Pauli Murray, first black woman Episcopal priest, honored by Yale
A new residential college under construction at Yale University will be named for Anna Pauline Murray, a co-founder of the National Organization for Women who was the first African-American woman to be ordained an Episcopal priest. She is honored as a saint in the Episcopal Church every July 1.
Murray, known as “Pauli,” also held several law degrees, and one of her publications shaped the legal argument for the Brown v. Board of Education Supreme Court case. She earned a doctor of juridical science degree from Yale in 1965 with a dissertation titled “Roots of the Racial Crisis: Prologue to Policy,” according to Yale’s alumni magazine.
“Pauli Murray represents the best of Yale: a preeminent intellectual inspired to lead and prepared to serve her community and her country,” Yale president Peter Salovey wrote in an e-mail this spring announcing the decision.
Yale’s residential college system, modeled after that of England’s great universities, has never before included a college named for a woman or a person of color.
Murray began studies at General Theological Seminary in 1973 and earned a master of divinity degree in 1976, the same year that the Episcopal Church’s General Convention affirmed the ordination of women.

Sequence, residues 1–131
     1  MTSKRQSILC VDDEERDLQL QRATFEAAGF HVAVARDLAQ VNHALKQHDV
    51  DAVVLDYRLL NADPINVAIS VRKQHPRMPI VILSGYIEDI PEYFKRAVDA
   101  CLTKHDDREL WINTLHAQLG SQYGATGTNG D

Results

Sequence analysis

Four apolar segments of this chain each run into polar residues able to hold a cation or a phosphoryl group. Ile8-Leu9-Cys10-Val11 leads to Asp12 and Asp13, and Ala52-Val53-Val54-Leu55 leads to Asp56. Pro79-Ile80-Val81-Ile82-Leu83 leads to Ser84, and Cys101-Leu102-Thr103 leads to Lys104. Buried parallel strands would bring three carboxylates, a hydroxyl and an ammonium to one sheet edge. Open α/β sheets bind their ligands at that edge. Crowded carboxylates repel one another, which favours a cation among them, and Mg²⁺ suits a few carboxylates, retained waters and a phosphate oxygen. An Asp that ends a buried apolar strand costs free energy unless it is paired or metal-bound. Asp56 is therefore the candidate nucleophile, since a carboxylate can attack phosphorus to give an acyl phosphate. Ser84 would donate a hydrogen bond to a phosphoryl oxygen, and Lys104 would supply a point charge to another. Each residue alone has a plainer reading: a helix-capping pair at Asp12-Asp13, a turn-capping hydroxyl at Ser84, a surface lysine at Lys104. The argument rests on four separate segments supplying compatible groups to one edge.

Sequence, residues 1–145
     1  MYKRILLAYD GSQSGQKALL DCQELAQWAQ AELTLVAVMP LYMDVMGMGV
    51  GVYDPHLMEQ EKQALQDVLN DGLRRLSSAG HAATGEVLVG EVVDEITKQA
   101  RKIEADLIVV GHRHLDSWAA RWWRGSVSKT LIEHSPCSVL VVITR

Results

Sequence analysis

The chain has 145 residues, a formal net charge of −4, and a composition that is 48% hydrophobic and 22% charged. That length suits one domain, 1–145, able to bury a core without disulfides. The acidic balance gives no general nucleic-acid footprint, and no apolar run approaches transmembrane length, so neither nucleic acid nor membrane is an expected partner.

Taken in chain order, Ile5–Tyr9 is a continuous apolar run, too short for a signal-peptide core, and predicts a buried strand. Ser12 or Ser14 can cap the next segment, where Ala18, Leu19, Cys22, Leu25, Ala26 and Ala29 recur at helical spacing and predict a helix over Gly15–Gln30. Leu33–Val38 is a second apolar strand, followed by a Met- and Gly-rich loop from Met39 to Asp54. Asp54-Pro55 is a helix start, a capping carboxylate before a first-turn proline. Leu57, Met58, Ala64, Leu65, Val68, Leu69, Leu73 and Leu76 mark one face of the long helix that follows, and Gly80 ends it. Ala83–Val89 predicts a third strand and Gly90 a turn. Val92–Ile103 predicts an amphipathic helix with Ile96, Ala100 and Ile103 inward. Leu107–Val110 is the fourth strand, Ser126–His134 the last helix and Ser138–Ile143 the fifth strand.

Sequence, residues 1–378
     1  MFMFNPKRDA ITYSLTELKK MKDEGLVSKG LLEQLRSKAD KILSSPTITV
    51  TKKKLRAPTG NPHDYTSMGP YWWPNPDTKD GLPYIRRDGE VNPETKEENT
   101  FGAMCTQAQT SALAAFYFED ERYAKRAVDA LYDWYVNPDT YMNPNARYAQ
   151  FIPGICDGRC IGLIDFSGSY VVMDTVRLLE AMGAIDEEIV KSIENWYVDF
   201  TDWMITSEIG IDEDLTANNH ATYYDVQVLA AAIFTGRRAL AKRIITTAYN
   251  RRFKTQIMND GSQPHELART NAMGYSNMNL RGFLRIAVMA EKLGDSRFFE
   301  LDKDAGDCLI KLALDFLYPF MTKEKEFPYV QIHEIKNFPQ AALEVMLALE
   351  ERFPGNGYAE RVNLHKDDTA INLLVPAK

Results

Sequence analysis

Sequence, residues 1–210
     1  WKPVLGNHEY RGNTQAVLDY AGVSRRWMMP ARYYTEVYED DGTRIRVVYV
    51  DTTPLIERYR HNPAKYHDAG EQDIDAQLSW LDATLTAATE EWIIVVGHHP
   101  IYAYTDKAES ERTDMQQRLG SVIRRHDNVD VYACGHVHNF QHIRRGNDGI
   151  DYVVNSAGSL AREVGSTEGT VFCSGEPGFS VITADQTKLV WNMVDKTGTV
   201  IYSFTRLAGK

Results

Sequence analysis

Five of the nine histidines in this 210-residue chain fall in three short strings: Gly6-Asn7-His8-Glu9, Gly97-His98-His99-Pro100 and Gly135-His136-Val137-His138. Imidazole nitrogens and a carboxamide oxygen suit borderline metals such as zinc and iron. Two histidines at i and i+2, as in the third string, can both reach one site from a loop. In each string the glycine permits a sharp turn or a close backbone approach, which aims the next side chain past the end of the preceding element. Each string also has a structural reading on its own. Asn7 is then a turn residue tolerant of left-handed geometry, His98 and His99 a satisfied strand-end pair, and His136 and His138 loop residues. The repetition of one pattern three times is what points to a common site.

She was ordained a priest in 1977 at the age of 66. She celebrated the Eucharist for the first time at the same parish in Chapel Hill, North Carolina, where her grandmother, a slave, had been baptized.
In 1956 she published a biography of her grandparents, Proud Shoes: The Story of an American Family. An autobiography, originally titled Song in a Weary Throat, came out in 1987, two years after she died.
Students, who had called for a person of color to be honored in the name of a residential college, widely acclaimed the choice of Murray. She is also “lauded as a role model for lesbian and transgender people,” Yale’s alumni magazine wrote, noting that she had sought male hormone therapy in the late 1930s and is buried under the same headstone as a woman with whom she had an intimate relationship for 17 years.
Murray had a long history of fighting against segregation and “Jane Crow,” a phrase she coined and used in her 1964 publication Jane Crow and the Law: Sex Discrimination and Title VII.
She was arrested in 1940 for refusing to sit on a broken seat in the back of a Virginia bus, 15 years before Rosa Parks’s action. She worked on many faith-based, activist, and legal efforts as well as being the only female attorney at an elite New York law firm in the 1950s. Yale’s alumni magazine quoted Emilie Townes, dean of Vanderbilt Divinity School, describing Murray as being “everywhere that things were happening.” —Religion News Service; added sources